Janesville’s Rock Aqua Jays show ski team failed in its attempt at a Guinness World Record for biggest barefoot skiing human pyramid Saturday morning at Traxler Park.
But it wasn’t for lack of effort by the sanctioned national water ski team, which did set a national record Saturday.
The Jays spent spent four hours and made six attempts to reach the threshold Guinness officials laid out for a new world record: eight three-person pyramids all skiing at once behind the same tow boat—barefoot. To seal the record, the skiers needed to remain standing in pyramid formation for at least 200 meters.
Again, that’s barefoot water skiing. At speeds of 48 miles per hour. Connected to a tow boat by a set of nearly 300-foot-long tow ropes.
On the Aqua Jays’ fourth attempt, which came mid-morning after several false starts and one minor injury, the skiers performed a 125-meter pyramid ski—75 meters short of the minimum distance needed.
That was the closest the team came to the world record.
During that run, one skier—a woman who was one of eight “toppers” on the three-person pyramids—fell and injured her shoulder, Aqua Jays officials said.
Another “topper” fell on the Jays’ second attempt. The skier fell face-first into the Rock River at a cruising speed of nearly 50 mph. She bruised her nose and got a swollen eye but participated in subsequent attempts.
The Aqua Jays, who are wrapping up their 2019 performance and competition season, staged the free event Saturday as a season-ender and crowd-pleaser for the club’s fans. The record attempt was a follow-up to a separate Guinness World Record the Aqua Jays successfully set: an 80-person human pyramid on skis.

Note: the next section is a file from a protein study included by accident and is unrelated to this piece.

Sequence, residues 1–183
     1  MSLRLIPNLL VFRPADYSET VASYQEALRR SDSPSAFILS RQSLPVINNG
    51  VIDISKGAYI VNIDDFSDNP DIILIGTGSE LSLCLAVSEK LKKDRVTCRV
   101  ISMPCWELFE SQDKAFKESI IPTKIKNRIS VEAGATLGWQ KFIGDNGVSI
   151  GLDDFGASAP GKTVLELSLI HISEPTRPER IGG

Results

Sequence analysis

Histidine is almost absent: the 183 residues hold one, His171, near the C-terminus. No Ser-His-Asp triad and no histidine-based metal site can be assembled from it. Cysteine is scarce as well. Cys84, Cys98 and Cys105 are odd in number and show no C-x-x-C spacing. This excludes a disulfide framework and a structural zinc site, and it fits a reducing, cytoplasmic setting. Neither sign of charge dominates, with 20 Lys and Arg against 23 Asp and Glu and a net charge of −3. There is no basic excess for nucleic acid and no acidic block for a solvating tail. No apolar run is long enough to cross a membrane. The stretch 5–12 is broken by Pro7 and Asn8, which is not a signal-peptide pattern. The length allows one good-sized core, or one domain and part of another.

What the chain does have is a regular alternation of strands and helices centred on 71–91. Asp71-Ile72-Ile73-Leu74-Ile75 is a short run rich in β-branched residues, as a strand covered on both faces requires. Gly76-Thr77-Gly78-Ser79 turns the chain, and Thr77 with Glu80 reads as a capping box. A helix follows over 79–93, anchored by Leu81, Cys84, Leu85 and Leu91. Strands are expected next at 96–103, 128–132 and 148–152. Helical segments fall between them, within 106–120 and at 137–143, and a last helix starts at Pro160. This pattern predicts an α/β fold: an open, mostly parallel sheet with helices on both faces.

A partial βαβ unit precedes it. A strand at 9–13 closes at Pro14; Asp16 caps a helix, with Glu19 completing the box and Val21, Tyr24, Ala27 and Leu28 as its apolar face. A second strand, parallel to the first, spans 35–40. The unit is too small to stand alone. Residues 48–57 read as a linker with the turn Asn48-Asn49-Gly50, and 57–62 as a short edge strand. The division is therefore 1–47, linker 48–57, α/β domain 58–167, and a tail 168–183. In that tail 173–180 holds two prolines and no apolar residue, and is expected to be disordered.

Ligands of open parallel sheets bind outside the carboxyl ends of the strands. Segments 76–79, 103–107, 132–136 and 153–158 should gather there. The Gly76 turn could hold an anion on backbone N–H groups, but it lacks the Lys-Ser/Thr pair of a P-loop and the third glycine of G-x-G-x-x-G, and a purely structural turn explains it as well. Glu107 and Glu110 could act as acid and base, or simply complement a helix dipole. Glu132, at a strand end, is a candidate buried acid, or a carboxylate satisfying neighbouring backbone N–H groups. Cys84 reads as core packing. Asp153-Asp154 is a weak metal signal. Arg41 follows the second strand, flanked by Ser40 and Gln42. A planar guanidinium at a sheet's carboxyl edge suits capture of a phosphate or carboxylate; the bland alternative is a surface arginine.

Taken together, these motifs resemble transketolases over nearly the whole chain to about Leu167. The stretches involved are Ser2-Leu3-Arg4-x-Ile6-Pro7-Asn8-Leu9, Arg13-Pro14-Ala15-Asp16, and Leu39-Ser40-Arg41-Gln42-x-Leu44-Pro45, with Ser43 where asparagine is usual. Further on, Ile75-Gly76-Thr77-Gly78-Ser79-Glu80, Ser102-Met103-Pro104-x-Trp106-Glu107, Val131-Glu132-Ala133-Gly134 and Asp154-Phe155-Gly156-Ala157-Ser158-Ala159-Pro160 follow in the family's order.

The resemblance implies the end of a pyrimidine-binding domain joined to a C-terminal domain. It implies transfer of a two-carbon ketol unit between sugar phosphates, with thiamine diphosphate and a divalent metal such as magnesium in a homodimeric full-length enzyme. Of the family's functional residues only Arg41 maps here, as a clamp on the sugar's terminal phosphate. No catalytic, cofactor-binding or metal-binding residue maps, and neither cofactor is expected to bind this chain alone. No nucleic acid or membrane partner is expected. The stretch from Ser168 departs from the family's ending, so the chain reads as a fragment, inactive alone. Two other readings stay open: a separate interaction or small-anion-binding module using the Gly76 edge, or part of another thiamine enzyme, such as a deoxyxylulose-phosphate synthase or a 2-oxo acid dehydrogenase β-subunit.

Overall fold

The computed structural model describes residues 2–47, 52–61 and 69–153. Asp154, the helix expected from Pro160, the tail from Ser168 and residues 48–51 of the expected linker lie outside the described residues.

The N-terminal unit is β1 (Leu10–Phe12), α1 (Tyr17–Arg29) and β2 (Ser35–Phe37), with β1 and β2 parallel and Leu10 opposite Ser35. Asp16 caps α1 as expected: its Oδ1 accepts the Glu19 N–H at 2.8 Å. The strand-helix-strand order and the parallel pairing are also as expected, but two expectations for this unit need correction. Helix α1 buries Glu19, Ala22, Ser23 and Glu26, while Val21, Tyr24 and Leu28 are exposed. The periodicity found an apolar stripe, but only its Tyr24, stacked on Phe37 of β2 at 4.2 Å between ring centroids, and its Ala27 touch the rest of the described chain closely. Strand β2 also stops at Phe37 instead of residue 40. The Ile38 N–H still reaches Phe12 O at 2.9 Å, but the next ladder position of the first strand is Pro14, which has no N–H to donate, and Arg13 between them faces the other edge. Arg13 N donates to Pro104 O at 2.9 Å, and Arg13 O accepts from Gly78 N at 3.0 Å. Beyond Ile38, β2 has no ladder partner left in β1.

This time, the stakes were higher.
The team took to the water in front of a crowd of a few hundred, with just enough available skiers to fill the required eight-pyramid formation. The Aqua Jays made six runs overall, but by the last run, the team had enlisted its last available alternate skier, and the wind had picked up, creating choppy water that officials said made it unsafe to continue.
Aqua Jay Kevin Ostermeier, organizer of the world record attempt, said Guinness’ stipulations for a record required the Aqua Jays to form two more three-person pyramids than the team had ever attempted before.
He said the team also had to upgrade its three-motor tow boat with more engine power and special propellers to generate enough haul to pull 24 skiers at speeds fast enough to keep the barefooters on the bottoms of the pyramids from sinking in the river.
The skiers had to use a nearly 300-foot-long set of ski ropes to give skiers enough distance from the tow boat to straddle the inside and outside of its wakes.
On top of that, the skiers had a 300-meter stretch of river marked with buoys to drop their skis, go barefoot on the water and try to stay standing long enough to mark off at least a 200-meter run needed for a world record. At the end of that 300-meter stretch was the train trestle bridge near the Centerway Dam.
Not much margin for error.
Ostermeier likened the logistics of the feat to the famous scene from the film “Back to the Future.” In it, lead character Marty McFly tries to use a speeding DeLorean car to try to hook onto a lightning-rod cord at the precise time lightning was predicted to strike.
“To put it simply, it’s a daunting task,” Ostermeier said before the run.
Too daunting to make a world record, as it turned out.
However, Ostermeier said the Aqua Jays’ 125-meter run with eight barefoot pyramids did set an official National Show Ski Association record for biggest barefoot pyramid. It was enough for the team to pop open some champagne bottles after the event.
As for another run at the Guinness record, the Aqua Jays’ quest isn’t over, longtime skier Jamie Kumlien said.
“We ain’t done yet,” he said. “As far as trying it, we don’t give up. We’ll do it next year.”